Ultra-white radiative cooling paints

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Joined: Sun Jul 10, 2011 2:07 am

Ultra-white radiative cooling paints


Something I stumbled across recently (although it is not a new field of research) is passive radiative "self-cooling" cooling paints. These paints work by using particles within the paint (e.g. barium sulfate) that reflect UV, infrared and visible light, and also give off mid-infrared light when heated.

Has this technology been used in F1 previously? It seems to me these paints could have a lot of potential in F1.
  • The simplest option would be to paint the hot parts of the sidepod and engine cover, although surface cooling is supposed to be banned, I think paint might be a grey area. At the very least, it would be hard to detect this kind of cheating because the surface of the paint would be cooler to the touch than the surrounding bodywork.
  • Another option could be to paint the radiator cores themselves. This would radiate mid-infrared inside the sidepod, so would presumably heat the sidepod bodywork and other car internals. This might require more paint or heat shielding on some components. The regulations specify cores must be made of aluminum but don't say anything about coatings.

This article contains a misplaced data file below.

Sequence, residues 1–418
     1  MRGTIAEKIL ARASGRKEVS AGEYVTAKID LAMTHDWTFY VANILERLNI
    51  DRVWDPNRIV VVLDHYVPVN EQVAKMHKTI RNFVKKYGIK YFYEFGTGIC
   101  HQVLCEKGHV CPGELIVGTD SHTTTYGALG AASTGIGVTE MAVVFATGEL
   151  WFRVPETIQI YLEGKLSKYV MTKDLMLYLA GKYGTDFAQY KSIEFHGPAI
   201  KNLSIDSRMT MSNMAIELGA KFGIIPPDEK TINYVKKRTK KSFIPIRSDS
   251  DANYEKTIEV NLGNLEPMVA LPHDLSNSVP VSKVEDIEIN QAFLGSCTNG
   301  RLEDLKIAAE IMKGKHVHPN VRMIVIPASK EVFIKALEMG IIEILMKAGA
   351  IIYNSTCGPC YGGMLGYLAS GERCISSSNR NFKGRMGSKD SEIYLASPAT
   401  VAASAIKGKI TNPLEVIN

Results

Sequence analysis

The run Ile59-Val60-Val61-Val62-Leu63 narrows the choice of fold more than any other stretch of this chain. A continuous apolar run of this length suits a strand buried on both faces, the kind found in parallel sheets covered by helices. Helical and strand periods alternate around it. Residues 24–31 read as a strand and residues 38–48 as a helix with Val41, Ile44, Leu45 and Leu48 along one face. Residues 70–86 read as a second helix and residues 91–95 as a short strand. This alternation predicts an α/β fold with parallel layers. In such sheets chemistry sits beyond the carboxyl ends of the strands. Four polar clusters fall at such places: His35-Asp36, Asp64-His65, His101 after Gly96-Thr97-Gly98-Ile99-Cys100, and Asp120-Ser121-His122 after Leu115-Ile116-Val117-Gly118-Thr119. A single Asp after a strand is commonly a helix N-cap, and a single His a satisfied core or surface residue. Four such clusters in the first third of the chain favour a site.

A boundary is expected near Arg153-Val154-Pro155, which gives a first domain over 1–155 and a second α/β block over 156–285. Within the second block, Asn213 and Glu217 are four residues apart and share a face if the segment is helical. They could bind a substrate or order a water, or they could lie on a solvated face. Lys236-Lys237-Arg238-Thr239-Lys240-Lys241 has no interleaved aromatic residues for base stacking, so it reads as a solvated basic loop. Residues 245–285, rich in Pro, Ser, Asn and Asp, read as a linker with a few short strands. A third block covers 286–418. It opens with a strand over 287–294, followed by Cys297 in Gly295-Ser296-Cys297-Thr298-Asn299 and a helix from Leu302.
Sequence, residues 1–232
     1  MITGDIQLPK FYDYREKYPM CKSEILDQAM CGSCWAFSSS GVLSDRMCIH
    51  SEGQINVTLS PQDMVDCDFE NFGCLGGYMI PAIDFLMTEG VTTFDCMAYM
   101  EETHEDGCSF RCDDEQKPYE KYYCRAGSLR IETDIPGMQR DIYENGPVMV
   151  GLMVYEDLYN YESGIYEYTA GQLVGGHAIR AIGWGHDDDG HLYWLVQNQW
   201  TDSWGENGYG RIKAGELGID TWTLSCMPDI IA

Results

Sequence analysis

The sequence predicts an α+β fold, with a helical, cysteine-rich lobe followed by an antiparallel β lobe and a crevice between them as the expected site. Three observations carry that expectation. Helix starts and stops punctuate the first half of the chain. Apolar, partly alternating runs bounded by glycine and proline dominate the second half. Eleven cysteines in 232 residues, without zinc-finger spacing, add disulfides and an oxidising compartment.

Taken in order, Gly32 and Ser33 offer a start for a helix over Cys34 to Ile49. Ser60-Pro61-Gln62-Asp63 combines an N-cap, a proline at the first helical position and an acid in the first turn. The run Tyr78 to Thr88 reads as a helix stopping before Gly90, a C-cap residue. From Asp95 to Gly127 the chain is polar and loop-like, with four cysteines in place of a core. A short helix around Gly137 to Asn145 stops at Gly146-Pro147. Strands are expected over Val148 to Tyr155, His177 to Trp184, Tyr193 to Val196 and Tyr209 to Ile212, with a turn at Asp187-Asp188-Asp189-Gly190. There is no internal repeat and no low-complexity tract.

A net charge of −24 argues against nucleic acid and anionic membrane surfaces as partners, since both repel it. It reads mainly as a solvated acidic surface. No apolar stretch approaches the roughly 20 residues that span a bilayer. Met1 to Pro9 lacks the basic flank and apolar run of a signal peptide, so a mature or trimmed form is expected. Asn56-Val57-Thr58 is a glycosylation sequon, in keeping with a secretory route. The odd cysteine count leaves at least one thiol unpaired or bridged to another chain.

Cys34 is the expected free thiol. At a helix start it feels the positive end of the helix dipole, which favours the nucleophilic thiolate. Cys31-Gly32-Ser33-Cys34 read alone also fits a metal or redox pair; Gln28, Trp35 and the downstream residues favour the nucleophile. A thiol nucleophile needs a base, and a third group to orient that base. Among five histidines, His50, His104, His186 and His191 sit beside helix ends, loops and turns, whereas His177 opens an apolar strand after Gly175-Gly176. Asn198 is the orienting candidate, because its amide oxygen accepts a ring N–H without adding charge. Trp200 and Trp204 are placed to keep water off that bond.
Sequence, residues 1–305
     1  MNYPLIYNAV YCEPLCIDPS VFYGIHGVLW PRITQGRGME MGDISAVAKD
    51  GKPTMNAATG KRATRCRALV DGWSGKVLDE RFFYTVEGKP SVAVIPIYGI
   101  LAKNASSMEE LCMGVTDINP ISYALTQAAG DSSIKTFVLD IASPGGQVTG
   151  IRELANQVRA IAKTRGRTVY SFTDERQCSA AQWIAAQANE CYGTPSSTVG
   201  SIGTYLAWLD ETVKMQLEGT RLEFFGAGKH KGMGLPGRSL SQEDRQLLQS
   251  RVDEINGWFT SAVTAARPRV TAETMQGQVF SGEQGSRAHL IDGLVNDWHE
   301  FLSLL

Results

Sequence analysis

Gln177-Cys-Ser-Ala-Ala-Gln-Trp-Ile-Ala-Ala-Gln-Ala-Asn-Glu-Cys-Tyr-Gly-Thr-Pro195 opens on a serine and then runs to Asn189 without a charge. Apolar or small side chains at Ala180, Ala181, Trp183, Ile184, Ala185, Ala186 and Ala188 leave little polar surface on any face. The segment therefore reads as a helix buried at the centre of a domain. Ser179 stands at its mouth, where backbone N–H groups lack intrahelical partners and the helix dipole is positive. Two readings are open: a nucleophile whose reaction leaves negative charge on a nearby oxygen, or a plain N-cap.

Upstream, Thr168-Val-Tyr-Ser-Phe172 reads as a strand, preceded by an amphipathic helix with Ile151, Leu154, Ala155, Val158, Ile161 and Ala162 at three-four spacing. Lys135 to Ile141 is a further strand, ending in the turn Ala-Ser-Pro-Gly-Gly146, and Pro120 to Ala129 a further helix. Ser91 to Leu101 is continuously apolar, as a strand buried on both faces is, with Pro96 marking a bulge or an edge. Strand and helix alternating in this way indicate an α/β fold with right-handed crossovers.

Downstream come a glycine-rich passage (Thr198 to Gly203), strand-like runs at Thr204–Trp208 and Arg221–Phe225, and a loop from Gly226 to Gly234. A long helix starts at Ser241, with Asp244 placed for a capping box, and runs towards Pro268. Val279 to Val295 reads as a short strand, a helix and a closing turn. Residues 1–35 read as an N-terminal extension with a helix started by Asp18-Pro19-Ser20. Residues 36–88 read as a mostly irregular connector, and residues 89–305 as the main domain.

I assume these cooling paints are heavier than typical F1 paint (and much heavier than the bare carbon we are seeing so much of this year) so the greater weight of the paint would have to be offset by slightly smaller (lighter) radiators and reduced drag. I don't know if the trade-off would be worth it.

Some examples of this technology:
https://www.purdue.edu/newsroom/release ... ally..html